It’s seven thirty in the morning and I am standing on Sheffield train station en route to BBC Radio Manchester. Why is that radio interviews always seem to necessitate getting up really early? Do people not listen to the radio in the afternoon?
The train I board is running an hour late and my carriage is full of people on their way to the airport, looking at their watches anxiously and tutting. I try to sleep.
I arrive at BBC centre on Oxford Road and am taken straight to the waiting area. “Just think of some funny anecdotes,” says the producer, and leaves me with a glass of water and the Wham! song “I’m Your Man” playing on a wall-mounted speaker.
The presenter, Heather Stott, then introduces her studio guests, a wedding dress designer, a marriage counsellor and a woman who advises women how to get out of abusive relationships. How to get married, argue and split up, interspersed with some pop from the eighties.
I am trying to think of which stories to tell, but am too busy listening to the previous guests. I am struck by how cheerful everyone is, especially the woman who advises women in troubled relationships. I had no idea it was possible to be so happy about a subject so grim.
The interviewees walk out of the studio, their chatter just audible over the Trammps’ song Disco Inferno. I look at the notes I was supposed to be making for my amusing anecdotes. All I have written is “Venezuelan brothel. Corpse. Covered in baby poo.”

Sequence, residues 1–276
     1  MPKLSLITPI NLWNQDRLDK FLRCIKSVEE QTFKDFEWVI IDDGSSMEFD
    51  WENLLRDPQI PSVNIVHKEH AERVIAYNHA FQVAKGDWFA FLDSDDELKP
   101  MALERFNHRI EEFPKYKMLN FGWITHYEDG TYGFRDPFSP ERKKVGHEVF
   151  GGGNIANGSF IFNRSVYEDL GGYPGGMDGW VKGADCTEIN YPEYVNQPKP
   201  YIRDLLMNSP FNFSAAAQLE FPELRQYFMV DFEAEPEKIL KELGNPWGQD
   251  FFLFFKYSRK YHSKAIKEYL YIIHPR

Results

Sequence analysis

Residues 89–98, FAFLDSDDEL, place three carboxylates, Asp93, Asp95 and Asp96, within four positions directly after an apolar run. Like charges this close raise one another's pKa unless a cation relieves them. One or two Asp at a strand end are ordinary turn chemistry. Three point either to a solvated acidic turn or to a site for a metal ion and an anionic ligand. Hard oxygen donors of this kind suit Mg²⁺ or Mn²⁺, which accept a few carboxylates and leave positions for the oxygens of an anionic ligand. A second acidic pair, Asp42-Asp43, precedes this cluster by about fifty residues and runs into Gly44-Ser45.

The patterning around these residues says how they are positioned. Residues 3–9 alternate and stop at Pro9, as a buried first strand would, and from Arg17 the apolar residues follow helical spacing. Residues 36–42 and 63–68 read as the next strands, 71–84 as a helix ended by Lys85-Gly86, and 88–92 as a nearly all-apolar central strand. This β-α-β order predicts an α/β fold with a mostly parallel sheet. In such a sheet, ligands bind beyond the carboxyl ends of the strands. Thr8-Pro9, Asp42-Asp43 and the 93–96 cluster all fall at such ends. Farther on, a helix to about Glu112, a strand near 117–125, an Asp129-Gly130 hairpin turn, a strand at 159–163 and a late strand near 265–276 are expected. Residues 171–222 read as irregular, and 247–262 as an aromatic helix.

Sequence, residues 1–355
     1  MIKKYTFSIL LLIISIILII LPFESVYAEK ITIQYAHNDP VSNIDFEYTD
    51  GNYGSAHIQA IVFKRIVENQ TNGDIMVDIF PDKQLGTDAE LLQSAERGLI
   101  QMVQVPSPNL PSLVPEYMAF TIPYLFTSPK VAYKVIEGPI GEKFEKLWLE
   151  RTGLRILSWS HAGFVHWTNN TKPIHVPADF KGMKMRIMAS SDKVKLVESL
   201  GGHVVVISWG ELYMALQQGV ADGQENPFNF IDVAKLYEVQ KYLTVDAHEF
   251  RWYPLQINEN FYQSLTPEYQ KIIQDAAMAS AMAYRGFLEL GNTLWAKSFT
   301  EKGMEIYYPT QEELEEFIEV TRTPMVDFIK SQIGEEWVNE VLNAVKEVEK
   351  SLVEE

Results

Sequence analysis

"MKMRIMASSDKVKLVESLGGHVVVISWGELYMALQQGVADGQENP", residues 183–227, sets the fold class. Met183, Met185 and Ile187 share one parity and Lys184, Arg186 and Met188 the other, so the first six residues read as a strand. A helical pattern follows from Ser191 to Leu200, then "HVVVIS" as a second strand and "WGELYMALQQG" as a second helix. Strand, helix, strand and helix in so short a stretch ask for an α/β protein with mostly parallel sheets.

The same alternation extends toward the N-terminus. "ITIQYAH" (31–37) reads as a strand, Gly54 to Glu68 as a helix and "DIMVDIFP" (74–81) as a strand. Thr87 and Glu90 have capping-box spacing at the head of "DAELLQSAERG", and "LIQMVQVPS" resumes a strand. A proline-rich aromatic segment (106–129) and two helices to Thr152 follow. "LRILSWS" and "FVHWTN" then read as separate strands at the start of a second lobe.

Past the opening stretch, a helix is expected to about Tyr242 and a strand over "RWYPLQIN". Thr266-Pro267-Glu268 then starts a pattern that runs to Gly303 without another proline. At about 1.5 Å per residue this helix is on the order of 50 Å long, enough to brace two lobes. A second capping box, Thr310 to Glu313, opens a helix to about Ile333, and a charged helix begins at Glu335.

It will have to do as the presenter, Heather Stott, invites me in to take a seat in front of a microphone. Heather is one of those rare people who looks a great deal more attractive in the flesh than on her publicity photos. She is bright and bubbly, and satisfyingly open-mouthed as I relate the story of my journey in my great grandfather’s footsteps.
Just before we go into the sports news to hear about Rooney returning from groin injury, Heather says, “And we’ll be back in a minute when Robin will tell us about what he got up to in a Venezuelan brothel.”
I wonder how many other daytime radio presenters have gone into a break with that announcement.
The rest of the interview goes okay and Heather gives the book a good plug at the end. She shakes my hand and says she looks forward to reading the book. I like the fact that she doesn’t pretend that she already has.
I meet with an old friend, and when she has to return to work, spend the afternoon touring Manchester Waterstone’s branches, signing copies.
On return to Sheffield I am told that I have two more radio interviews planned for Friday. Yes, in the morning.